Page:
Obesity does not affect treatment outcomes with proton pump inhibitors
About 1 in 10 Americans experiences gastroesophageal reflux disease (GERD) symptoms at least once a week. Smoking and obesity can contribute to GERD
symptoms, and many foods—especially fatty, fried, citrus or tomato-based foods, chocolate, and caffeine—can worsen symptoms.
People who are obese are more likely to have GERD. Despite their higher risk for the disorder, they are just as likely as normal-weight patients to be
helped by proton-pump inhibitors, the strongest treatment available for the disease, according to a recent VA study.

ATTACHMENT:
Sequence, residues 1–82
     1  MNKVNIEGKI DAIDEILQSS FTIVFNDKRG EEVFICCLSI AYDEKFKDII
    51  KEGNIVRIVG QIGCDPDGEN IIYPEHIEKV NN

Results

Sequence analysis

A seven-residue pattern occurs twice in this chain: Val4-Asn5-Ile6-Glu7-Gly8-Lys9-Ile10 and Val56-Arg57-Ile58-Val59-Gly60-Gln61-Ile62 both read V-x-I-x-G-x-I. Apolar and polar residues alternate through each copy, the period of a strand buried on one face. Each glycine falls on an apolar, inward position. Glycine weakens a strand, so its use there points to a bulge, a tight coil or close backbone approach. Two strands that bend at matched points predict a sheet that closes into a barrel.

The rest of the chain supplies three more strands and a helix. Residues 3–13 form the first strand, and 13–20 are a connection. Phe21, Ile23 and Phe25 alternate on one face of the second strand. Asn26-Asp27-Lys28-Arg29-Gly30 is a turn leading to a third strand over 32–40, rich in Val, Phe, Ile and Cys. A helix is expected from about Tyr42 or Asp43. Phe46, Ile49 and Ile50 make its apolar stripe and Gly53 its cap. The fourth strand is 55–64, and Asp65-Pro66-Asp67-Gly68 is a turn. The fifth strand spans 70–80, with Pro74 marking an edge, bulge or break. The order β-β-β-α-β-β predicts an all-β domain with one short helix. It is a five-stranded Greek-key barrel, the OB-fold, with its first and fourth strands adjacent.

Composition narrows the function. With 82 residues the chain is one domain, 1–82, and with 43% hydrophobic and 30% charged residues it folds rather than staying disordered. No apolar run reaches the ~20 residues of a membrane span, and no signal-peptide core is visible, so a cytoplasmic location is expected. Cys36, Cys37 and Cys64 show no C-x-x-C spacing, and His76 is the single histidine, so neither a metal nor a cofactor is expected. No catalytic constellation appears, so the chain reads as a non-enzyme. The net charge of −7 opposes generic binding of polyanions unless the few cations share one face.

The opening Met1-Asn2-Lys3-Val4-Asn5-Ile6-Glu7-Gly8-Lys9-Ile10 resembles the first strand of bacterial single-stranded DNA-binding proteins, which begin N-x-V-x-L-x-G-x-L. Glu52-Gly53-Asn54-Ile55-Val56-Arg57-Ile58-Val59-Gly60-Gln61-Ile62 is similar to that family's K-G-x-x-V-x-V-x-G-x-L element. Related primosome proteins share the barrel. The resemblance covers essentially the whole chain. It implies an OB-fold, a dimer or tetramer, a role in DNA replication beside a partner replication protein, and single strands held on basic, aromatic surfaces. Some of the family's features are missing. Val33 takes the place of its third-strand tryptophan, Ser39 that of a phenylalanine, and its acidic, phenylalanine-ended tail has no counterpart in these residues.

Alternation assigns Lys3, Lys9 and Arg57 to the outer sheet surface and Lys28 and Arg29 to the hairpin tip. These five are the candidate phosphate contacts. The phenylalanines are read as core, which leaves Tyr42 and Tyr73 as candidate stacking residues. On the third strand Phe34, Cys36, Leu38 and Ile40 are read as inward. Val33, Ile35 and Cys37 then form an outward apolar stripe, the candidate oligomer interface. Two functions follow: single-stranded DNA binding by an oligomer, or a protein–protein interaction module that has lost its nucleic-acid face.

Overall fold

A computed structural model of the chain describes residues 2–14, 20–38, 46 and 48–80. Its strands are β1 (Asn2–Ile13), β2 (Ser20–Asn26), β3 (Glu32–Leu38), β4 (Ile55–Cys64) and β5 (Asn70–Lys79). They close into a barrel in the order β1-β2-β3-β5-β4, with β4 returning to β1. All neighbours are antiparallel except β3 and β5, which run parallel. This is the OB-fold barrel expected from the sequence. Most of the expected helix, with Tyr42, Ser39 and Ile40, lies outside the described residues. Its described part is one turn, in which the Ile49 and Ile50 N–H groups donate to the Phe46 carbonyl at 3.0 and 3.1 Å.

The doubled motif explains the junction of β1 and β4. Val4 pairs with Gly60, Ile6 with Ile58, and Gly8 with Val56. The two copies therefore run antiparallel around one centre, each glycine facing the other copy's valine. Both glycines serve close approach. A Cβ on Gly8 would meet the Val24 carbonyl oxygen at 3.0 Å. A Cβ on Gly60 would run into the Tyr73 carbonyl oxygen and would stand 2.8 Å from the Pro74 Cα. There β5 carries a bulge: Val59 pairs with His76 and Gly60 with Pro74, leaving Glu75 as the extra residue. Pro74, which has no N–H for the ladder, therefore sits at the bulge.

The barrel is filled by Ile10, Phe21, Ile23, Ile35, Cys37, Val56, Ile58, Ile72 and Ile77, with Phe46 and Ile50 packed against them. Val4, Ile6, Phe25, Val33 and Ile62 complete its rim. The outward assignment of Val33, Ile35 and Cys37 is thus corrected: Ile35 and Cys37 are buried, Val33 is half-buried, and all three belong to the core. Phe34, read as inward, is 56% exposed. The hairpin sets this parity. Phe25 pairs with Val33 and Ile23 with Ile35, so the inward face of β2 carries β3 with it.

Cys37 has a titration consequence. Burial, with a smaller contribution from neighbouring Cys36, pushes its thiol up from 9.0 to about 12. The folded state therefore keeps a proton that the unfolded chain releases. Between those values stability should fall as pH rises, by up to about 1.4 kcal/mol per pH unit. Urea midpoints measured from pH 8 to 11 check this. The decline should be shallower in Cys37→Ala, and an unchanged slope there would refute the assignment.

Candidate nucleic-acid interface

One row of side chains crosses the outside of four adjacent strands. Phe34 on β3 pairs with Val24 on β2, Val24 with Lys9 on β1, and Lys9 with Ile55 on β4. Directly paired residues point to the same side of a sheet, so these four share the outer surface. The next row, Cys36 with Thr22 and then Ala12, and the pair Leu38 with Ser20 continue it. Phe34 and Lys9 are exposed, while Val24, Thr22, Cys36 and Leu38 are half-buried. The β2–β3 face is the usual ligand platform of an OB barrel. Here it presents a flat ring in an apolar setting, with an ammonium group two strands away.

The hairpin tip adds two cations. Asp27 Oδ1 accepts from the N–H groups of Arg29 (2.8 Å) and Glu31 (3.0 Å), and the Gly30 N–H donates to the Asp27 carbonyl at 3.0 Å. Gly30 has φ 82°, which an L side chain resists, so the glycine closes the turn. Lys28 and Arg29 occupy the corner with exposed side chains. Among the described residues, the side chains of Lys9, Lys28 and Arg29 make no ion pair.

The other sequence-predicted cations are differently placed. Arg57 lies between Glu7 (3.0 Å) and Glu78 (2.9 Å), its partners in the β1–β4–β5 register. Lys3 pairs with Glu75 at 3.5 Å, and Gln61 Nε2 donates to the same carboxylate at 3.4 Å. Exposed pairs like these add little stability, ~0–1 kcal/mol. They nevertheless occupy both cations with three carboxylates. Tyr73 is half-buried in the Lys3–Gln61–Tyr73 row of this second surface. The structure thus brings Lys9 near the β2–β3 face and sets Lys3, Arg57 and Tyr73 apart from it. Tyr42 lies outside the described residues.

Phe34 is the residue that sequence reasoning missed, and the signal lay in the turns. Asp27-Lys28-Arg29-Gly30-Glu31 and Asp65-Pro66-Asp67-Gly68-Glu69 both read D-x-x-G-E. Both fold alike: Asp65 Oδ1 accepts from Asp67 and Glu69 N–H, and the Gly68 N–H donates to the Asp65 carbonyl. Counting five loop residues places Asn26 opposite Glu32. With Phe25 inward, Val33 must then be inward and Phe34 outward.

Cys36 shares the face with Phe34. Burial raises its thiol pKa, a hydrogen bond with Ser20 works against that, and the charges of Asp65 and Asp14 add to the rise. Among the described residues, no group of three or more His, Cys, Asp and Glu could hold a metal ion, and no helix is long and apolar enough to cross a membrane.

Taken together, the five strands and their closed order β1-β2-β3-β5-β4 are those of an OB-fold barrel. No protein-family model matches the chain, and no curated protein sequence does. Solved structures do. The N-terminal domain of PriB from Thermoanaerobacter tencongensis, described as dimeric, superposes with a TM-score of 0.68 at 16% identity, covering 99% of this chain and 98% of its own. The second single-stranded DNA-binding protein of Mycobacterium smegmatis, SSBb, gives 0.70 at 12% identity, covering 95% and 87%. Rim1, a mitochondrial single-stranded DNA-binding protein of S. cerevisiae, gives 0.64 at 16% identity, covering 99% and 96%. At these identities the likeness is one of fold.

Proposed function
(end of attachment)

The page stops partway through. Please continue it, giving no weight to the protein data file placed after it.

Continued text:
Led by Prateek Sharma, MD, a gastroenterologist at the Kansas City, Mo., VA Medical Center, researchers
examined data on more than 11,700 patients who had taken part in clinical trials. The team looked at data on patients with mild or a more erosive form of
GERD and compared their treatment outcomes based on body mass index (BMI). BMI, a calculation based on height and weight, is used to determine obesity.
The study showed that weight was not a factor in the success of treatment with the proton-pump inhibitor esomeprazole (sold as Nexium and Essocam). People
who were obese before treatment did tend to have more severe reflux symptoms, however. (Journal of Clinical Gastroenterology, September 2013)